“In the early days, brochures were our only way to introduce a new product to travel agencies,” said Amy Weyman, executive vice president of marketing for Abercrombie & Kent USA. “If a journey wasn’t featured in a brochure, there was no way for the travel trade to learn about the offering. These original brochures were focused on itineraries. Now, it’s much more about inspiration.”
Before the internet, paper brochures were the only resource travel agents had for providing the day-to-day details of itineraries, along with maps and images. They were also reference documents listing departure dates and pricing for any given itinerary.
Brick-and-mortar agencies often had stacks upon stacks of brochures they could reference, depending on clients’ interests. The brochures were part reference guide, part selling tool. Agents could distribute them to clients looking to make informed vacation decisions, not just for tours, of course, but for cruises, resorts and any number of travel products.
Now, however, that dynamic has changed. A growing number of travel sellers are home-based, and much of the information clients need is available online. Travel agents are now using brochures more strategically, and thus the brochures themselves have evolved to accommodate their new purpose.
“How we utilize brochures has evolved over the years,” said Stacy Wangelin, of Travel Leaders Travel Advisors in Oconomowoc, Wis. “We no longer have them out on display where the clients can just grab them. We use a collaborative process to understand the client’s needs and then select one or two suppliers to recommend. At that point, if appropriate, we present them with a brochure that supports our recommendation.”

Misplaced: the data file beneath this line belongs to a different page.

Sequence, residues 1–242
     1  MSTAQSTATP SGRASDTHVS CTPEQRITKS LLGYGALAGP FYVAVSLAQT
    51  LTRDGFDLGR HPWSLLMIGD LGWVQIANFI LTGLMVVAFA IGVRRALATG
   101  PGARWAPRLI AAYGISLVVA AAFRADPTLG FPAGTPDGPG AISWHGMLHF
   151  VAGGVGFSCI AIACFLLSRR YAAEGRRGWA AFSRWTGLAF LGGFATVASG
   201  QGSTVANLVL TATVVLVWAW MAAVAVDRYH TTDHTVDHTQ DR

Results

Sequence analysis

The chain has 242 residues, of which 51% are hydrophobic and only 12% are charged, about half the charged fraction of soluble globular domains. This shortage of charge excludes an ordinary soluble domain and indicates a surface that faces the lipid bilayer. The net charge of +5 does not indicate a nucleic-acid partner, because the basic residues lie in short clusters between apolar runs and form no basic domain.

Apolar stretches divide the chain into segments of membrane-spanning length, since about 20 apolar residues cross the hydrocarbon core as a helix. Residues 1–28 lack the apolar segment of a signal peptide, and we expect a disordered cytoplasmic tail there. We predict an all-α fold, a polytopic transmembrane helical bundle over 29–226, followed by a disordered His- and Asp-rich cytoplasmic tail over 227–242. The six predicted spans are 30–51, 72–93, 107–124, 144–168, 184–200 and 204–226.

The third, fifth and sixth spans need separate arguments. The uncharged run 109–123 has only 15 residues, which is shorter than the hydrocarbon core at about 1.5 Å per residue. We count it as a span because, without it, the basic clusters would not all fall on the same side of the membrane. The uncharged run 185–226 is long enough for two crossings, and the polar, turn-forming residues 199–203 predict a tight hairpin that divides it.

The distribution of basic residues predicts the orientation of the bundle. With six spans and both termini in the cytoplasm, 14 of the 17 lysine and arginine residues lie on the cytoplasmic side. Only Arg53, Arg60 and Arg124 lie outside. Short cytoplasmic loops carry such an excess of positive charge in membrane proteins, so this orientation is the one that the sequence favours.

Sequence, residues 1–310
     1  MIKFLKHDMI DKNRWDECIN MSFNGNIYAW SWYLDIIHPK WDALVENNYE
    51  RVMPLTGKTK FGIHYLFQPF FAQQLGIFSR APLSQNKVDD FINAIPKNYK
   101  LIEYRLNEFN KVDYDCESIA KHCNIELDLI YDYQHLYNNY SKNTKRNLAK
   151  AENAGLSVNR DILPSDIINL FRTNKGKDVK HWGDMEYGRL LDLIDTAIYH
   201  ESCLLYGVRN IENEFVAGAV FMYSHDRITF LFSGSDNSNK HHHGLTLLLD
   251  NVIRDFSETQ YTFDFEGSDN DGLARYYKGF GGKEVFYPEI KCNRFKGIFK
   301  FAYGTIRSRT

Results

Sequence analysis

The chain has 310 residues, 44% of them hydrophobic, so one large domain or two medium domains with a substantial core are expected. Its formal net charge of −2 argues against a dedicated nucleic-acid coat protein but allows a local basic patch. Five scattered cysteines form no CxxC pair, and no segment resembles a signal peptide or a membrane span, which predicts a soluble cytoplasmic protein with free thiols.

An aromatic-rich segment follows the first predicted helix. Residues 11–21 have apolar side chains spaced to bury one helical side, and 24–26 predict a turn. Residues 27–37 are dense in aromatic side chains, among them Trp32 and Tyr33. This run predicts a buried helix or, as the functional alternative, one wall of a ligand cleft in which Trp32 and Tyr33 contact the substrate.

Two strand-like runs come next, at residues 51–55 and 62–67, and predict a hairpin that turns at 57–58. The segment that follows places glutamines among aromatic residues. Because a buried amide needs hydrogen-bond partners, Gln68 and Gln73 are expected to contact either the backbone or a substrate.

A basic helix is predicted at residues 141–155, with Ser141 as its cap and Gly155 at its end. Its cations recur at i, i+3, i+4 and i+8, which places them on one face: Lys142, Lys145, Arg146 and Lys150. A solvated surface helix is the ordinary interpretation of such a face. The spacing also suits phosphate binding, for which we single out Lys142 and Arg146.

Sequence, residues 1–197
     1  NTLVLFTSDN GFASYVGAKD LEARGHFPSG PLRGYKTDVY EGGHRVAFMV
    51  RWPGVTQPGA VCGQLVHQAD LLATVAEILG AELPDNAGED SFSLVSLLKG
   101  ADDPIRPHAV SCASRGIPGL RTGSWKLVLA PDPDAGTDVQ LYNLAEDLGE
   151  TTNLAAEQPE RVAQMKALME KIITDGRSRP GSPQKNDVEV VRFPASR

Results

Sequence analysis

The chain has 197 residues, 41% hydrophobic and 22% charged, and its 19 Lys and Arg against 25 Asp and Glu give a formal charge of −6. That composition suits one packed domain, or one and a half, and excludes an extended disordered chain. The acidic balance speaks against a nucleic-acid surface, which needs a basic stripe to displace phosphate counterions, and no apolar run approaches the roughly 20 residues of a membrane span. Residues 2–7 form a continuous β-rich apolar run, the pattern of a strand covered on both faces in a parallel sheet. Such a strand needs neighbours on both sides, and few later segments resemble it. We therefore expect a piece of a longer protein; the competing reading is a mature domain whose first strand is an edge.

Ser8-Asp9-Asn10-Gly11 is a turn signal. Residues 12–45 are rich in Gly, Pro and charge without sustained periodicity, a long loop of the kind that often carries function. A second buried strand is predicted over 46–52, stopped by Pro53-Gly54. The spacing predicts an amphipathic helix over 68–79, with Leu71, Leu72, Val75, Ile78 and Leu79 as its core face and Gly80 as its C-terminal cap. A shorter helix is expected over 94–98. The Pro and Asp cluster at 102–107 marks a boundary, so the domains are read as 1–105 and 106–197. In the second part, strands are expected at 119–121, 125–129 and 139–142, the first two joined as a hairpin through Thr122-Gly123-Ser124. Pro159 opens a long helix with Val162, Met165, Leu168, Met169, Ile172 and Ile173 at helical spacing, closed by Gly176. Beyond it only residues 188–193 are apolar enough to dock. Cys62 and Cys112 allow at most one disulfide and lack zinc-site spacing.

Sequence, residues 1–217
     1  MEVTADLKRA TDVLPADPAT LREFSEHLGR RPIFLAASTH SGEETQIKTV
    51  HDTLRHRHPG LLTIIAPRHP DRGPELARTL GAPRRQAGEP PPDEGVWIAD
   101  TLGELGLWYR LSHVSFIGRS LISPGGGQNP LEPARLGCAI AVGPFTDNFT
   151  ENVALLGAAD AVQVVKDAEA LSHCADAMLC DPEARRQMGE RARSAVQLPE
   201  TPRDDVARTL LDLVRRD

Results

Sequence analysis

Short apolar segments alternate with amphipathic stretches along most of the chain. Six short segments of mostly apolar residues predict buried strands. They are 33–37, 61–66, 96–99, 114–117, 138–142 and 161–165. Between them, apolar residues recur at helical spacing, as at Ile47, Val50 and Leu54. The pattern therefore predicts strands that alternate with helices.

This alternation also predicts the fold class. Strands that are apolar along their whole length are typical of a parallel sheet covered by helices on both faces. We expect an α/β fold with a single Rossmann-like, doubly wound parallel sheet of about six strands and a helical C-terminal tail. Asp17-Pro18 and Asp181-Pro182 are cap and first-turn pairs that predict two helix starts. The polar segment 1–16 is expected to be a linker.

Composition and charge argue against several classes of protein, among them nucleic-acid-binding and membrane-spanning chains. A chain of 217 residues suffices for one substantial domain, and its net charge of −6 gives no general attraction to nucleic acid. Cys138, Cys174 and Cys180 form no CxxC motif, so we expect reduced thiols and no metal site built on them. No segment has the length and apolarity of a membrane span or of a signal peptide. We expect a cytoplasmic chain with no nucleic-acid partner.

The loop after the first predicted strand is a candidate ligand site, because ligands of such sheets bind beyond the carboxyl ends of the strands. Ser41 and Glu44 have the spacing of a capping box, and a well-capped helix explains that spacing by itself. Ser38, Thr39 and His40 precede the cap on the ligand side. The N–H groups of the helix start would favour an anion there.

Wangelin said that while the internet offers a lot of information, it can also be overwhelming for clients and can make it hard to clearly see and compare vacation options when jumping between webpages. The brochures help her “make sense of it all for them.”
A page from Abercrombie & Kent’s 2018 Antarctica brochure, which is more of an editorial product than its 20th century predecessors.
One of the challenges in the evolution of the paper brochure has been that agents themselves now engage with brochures very differently. Some reported that they’d prefer suppliers such as tour operators and cruise lines to really focus on the inspiration element, offering killer photography, client testimonials and insider travel trivia, but leave the pricing out.
Sharon Kay Howell, president of Tyler, Texas-based Virtuoso agency Travel Masters, said, “Brochures with a heavy focus on the destination, experiences and culture are my favorites. The brochure doesn’t need to contain prices.”
Caragol, too, said that the best brochures today are more about storytelling, about whetting clients’ appetite. She and others said truly beautiful brochures end up serving as coffee-table books or on customers’ nightstands for evening reading.